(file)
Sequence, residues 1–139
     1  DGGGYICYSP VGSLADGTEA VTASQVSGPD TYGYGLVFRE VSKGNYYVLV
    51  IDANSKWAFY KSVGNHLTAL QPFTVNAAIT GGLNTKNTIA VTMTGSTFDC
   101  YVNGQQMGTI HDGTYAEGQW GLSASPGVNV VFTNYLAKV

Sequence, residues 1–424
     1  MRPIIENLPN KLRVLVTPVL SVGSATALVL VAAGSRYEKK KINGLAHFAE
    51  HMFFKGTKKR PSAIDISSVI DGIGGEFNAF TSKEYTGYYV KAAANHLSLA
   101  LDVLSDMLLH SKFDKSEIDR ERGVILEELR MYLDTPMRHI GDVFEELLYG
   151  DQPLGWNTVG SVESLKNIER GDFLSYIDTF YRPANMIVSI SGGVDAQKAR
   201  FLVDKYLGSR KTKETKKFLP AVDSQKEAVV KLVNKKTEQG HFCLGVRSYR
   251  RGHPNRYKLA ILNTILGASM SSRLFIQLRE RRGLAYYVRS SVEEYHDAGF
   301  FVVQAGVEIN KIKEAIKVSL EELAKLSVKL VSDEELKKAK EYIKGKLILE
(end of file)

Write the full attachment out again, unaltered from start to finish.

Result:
Sequence, residues 1–139
     1  DGGGYICYSP VGSLADGTEA VTASQVSGPD TYGYGLVFRE VSKGNYYVLV
    51  IDANSKWAFY KSVGNHLTAL QPFTVNAAIT GGLNTKNTIA VTMTGSTFDC
   101  YVNGQQMGTI HDGTYAEGQW GLSASPGVNV VFTNYLAKV

Sequence, residues 1–424
     1  MRPIIENLPN KLRVLVTPVL SVGSATALVL VAAGSRYEKK KINGLAHFAE
    51  HMFFKGTKKR PSAIDISSVI DGIGGEFNAF TSKEYTGYYV KAAANHLSLA
   101  LDVLSDMLLH SKFDKSEIDR ERGVILEELR MYLDTPMRHI GDVFEELLYG
   151  DQPLGWNTVG SVESLKNIER GDFLSYIDTF YRPANMIVSI SGGVDAQKAR
   201  FLVDKYLGSR KTKETKKFLP AVDSQKEAVV KLVNKKTEQG HFCLGVRSYR
   251  RGHPNRYKLA ILNTILGASM SSRLFIQLRE RRGLAYYVRS SVEEYHDAGF
   301  FVVQAGVEIN KIKEAIKVSL EELAKLSVKL VSDEELKKAK EYIKGKLILE